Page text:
“Wallace Beery. Wrestling picture. What do you need, a roadmap?” – Ben Geisler, Barton Fink
Recently, super director Christopher Nolan wrote a fond farewell to David Bowie. Keep in mind, Nolan’s accrued a reputation as a director of patient resolve, one who carefully, even clinically, finishes films on time, under budget, and without re-shoots. The man’s a machine. But that didn’t stop even him from gushing and gazing at the late, great Bowie on the set of The Prestige. Nolan wrote for EW: “Normally when you meet stars, no matter how starry they are, when you see them as people, some of that mystique goes away. But not with David Bowie … I thought that was quite magical.”
It’s funny to think even a person perceived as level-headed and to-the-line, like Nolan, will freak when he actually gets to see a star. Everyone does. Well everyone but these two guys.
Like. At all.
The Coens may work with Pitt and Clooney, but one gets the sense that they work regularly with megastars because the two just aren’t all that intimidated by them. They’re directors with a reputation of “just read the exact words as written,” and while stars in their own right, they’re human antidote to glitz. They got George Clooney to be a sex animal in Burn After Reading. The brothers forced William H. Macy to cry in whitey tighties in Fargo. They even got Channing Tatum to stick his face in another man’s crotch for corny comedy in the new Hail, Caesar!
With Hail, Caesar! opening nationwide, right now might be a good time to call cut and look at Hollywood inside humor, perceptions of celebrity and their craft, and what makes the Coens such ideal satirists and acidic heirs to the works of Vincente Minnelli or Francois Truffaut. Are the Coens nihilists, or a pair of people able to smirk at bad behavior? Are stars worth the perceived risible nature? The Coens seem to get the huffy nature of Hollywood and have forever distinguished themselves as smart-aleck observers of selfishness. They know what dark things lie in the hearts of man, or less grimly, they know how bratty or insecure people can be. And somebody’s gotta be willing to take aim at the US and People Magazine mantra of movie-making.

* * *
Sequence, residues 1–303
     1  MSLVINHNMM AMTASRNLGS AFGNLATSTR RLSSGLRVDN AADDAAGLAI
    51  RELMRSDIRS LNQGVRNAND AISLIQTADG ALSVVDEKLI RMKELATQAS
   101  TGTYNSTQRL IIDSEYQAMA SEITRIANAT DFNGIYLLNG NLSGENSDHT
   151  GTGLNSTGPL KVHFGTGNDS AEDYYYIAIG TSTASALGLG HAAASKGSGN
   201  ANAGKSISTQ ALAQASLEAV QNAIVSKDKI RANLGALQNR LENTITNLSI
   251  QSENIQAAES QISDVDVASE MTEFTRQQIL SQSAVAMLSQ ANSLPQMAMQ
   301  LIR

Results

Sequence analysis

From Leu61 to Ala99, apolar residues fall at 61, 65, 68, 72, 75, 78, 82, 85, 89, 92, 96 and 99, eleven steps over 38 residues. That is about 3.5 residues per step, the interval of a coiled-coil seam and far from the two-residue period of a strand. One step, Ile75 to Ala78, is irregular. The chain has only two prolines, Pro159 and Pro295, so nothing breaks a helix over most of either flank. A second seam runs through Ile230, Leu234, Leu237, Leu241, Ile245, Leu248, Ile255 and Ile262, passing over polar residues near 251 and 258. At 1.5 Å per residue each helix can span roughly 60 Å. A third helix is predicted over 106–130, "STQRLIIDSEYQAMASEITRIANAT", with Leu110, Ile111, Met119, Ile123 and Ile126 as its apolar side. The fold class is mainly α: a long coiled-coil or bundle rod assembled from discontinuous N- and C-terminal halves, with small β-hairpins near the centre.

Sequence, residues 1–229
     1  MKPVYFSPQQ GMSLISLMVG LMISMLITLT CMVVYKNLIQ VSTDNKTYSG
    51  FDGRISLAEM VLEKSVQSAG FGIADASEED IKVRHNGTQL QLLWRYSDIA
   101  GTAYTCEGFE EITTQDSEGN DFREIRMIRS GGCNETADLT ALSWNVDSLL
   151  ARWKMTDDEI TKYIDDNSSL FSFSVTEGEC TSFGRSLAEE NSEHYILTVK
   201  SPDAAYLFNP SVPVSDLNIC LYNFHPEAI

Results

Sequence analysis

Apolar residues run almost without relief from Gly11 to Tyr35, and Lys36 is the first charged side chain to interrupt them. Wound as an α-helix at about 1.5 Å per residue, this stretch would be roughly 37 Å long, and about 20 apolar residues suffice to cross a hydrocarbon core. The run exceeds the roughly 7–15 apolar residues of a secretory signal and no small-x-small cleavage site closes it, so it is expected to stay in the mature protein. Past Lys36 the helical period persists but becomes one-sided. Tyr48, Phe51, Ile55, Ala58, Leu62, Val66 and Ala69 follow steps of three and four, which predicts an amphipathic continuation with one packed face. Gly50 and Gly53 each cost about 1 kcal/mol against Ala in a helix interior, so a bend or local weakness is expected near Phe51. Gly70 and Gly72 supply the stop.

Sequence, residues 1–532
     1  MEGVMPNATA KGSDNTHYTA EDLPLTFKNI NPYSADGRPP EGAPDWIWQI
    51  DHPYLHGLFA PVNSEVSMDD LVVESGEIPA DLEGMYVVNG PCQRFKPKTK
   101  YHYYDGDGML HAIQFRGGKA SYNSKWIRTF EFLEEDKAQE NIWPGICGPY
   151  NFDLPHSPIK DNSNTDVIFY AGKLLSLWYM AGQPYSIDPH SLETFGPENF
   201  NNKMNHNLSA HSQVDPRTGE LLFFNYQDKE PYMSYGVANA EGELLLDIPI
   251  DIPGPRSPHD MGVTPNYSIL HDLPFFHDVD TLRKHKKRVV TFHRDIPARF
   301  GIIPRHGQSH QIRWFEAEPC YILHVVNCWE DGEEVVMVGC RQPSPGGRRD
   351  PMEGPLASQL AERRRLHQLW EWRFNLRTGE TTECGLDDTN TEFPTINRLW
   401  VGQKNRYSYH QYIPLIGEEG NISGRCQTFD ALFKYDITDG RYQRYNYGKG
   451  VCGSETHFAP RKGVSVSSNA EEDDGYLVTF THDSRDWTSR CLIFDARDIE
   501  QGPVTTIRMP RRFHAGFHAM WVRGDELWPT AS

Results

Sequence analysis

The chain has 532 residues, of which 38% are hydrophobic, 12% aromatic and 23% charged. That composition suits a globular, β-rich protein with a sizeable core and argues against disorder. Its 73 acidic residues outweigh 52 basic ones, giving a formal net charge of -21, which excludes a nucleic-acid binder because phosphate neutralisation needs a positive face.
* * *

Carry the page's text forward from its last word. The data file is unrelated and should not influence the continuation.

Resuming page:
Hail, Caesar! has us thinking about Hollywood and all its holier-than-thou reverence. At least, well, in the eyes of the public, they’re saints and bank notes. Maybe this perception is not necessarily helped by the people who employ them.
Last year, ousted Sony movies head Amy Pascal was at a Women in the World conference discussing her experiences at the top of Columbia Pictures, one of the largest Hollywood studios in the world. After a very public, embarrassing, and literally career-ending email scandal, Pascal was bare-knuckle about her reminiscences. Running a movie studio and keeping product and art in peaceful coexistence sounded nightmarish. However, among the key stingers, she now infamously called actors “bottomless pits of need.”
Hell, why stop at actors?
Perhaps these suspicions boiled over while recently witnessing a million-Tweet meltdown by Kanye West, but artists aren’t just pits of need; they’re time-sucks, black holes, locusts praying on paychecks, sensitive flowers, forces to be reckoned with! Well, should the creative process be hampered in any way, shape, or form? Actors, writers, directors, and most dire of all, stars, are a beast of burden, and god help us … we love ‘em to death. Sure, Will Smith hides in a two-mile trailer and may tank while going serious with the likes of Concussion, but popular consensus is that he’s still a pretty huge deal. Bill Murray may have alienated dozens of co-workers over the years, but the myth of Murray as a sort of comic party crasher and Buzzfeed love list still outweighs any of that naughty stuff. We still quietly love the studio system, celebrity, and the Hollywood as America’s fanciest export. Yeah, yeah, gripe all you want about the unfairness of artistic commerce, but $1.5 billion and counting is a lump-sum hint that people around the world want to see Vin Diesel flex and make his American muscle cars growl. We still worship at the altar of the shiniest stars; they charm us, lower our defenses, and render us doe-eyed. Even when the star comes with some nasty, hard-to-shake glitter and gossip. Even Bill Cosby and Melvin Gibson have their super fans, lord have mercy. But it’s not like we weren’t warned.